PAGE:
Good Friday is a beautiful day but an ugly one, too. It is the day on which Jesus Christ surrendered himself to death, the day of darkest hope, the day on which we contemplate the depths of physical and emotional torment as they can be experienced here, in our broken minds and broken bodies. Like so much of the Christian faith, it’s a paradox that is as comforting as it is confusing.
The temptation, of course, is to experience it all as a prelude to Easter Sunday. We can understand that. And we know how the story ends, so why pretend otherwise? But there is so much we miss out on if we don’t allow ourselves to live in the despair for a few days, even a few hours. To contemplate what it would mean to have Jesus and to lose him, to wonder if we ever had him at all. To look elsewhere for something else that can make the trees of the field clap their hands, to consider what it means if none of it is true. This is not so hard, really. Even for those who believe, and have believed from their earliest memories, these questions are never too far away.
Poetry is such a perfect, perhaps even necessary, complement to faith. It’s woven throughout the Old and New Testaments for a reason–it is the one art form most particularly well-suited to expressing the range of experiences and emotions that make up belief and doubt. To me faith is often fractured, and imagistic, and lacking clarity where I would want it. Sometimes I don’t see how it will all come together, or wonder if it will. But it always brings me back to this one image, this one man, this one moment, and it is the only story that can hold all the other stories. And it is a choice to hope, to believe in this story. But it’s also impossible to choose otherwise, when I have experienced the love and forgiveness and fullness that are made possible by this story.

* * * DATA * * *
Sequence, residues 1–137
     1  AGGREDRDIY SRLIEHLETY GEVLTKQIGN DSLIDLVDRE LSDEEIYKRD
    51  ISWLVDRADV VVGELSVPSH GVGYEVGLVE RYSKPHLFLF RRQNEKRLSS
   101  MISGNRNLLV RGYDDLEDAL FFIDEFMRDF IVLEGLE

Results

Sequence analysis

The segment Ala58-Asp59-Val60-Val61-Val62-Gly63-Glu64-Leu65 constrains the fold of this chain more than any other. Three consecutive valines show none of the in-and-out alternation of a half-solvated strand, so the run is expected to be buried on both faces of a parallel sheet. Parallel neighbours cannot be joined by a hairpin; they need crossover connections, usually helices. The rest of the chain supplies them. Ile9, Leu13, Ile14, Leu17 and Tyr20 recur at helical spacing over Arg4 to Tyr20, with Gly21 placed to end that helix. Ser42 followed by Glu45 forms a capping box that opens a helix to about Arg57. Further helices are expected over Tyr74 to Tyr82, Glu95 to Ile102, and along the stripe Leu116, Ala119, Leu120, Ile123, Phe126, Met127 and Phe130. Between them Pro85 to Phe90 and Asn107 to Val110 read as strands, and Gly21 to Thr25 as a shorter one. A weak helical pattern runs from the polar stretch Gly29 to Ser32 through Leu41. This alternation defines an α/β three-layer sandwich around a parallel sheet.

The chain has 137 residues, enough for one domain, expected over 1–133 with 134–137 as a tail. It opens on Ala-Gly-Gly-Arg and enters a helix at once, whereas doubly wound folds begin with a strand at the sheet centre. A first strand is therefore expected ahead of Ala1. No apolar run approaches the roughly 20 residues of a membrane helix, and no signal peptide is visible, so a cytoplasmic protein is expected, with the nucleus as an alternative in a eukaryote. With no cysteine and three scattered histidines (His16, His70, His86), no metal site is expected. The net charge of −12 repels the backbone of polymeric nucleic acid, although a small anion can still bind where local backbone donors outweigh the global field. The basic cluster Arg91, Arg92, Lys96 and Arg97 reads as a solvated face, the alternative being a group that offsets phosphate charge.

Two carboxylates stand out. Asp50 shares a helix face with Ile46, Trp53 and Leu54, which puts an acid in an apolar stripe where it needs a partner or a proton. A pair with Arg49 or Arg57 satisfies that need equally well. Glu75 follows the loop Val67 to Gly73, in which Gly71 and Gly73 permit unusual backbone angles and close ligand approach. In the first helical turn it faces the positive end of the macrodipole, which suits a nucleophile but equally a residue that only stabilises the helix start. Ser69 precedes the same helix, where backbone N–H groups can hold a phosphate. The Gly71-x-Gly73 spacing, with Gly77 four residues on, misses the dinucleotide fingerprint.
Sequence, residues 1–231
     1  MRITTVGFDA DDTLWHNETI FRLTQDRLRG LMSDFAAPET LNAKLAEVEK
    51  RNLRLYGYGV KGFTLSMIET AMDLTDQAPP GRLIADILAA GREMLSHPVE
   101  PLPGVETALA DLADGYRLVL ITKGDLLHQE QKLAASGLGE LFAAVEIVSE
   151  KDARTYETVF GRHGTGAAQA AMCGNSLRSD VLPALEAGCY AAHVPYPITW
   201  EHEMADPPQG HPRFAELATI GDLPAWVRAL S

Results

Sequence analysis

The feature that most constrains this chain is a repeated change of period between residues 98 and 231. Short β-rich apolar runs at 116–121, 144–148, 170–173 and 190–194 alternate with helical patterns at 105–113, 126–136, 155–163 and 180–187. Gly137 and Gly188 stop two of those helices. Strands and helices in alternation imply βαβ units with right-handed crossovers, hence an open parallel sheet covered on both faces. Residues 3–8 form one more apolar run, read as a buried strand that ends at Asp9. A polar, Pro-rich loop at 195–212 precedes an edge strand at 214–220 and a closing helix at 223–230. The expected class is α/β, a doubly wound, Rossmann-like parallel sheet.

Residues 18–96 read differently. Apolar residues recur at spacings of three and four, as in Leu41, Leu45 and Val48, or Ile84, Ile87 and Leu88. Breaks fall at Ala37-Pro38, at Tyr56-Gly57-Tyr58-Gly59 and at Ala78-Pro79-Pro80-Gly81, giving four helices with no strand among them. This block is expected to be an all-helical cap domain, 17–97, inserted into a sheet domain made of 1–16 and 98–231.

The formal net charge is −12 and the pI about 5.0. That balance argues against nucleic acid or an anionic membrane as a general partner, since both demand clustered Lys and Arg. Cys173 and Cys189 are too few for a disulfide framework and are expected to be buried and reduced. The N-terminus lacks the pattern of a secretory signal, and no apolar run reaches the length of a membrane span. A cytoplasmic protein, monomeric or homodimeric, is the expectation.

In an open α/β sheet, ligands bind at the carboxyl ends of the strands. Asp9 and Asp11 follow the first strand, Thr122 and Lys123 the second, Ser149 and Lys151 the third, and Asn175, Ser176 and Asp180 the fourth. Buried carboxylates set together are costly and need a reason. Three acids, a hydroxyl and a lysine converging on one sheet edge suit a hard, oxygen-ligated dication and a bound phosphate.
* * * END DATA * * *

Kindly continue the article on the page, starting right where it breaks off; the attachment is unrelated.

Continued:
So for this Good Friday, I share a favorite poem from a favorite writer. I can only hope–and that is the most painful, beautiful, true thing I know.
Sure we’re trained to his suffering, sure
the nine-inch nails, and so forth.
And the cross raised up invoked
the body’s weight so each wound tore,
and from his abdomen a length of gut
dangled down, longing towards earth.
He was a god, after all.
An eternal light swarmed in his rib cage
no less strong than the weaving nebulae that haul
this dirt-speck planet through its course.
Surely his flesh mattered less somehow, less
than yours to you. He hung against steel rods
with his whole being, and though the pain
was very pure, he only cried out once.
All that was writ down. But what if his flesh
felt more than ours, knew each breath
was a gift, and thus saw
beyond each instant into all others.
So a morsel of bread conjured up
the undulating field of wheat from whence it came,
and the farmer’s back muscles
growing specific under this shirt
and the sad, resigned pace of the mule
whose opinion no one sought.
Think of all we don’t see
in an instant. Cage that in one skull.
If Christ saw in each
pair of terrified eyes he met
every creature’s gauzy soul
then he must have looked down from that bare hill
and watched the tapestry teem
till that poor carcass he borrowed
wept tears of real blood before they
unhooked it and oiled it and bound it
round with linen and hid it under a stone,
to rise again or not, I can only hope.
“Christ’s Passion” by Mary Karr, Viper Rum, New Directions, 1998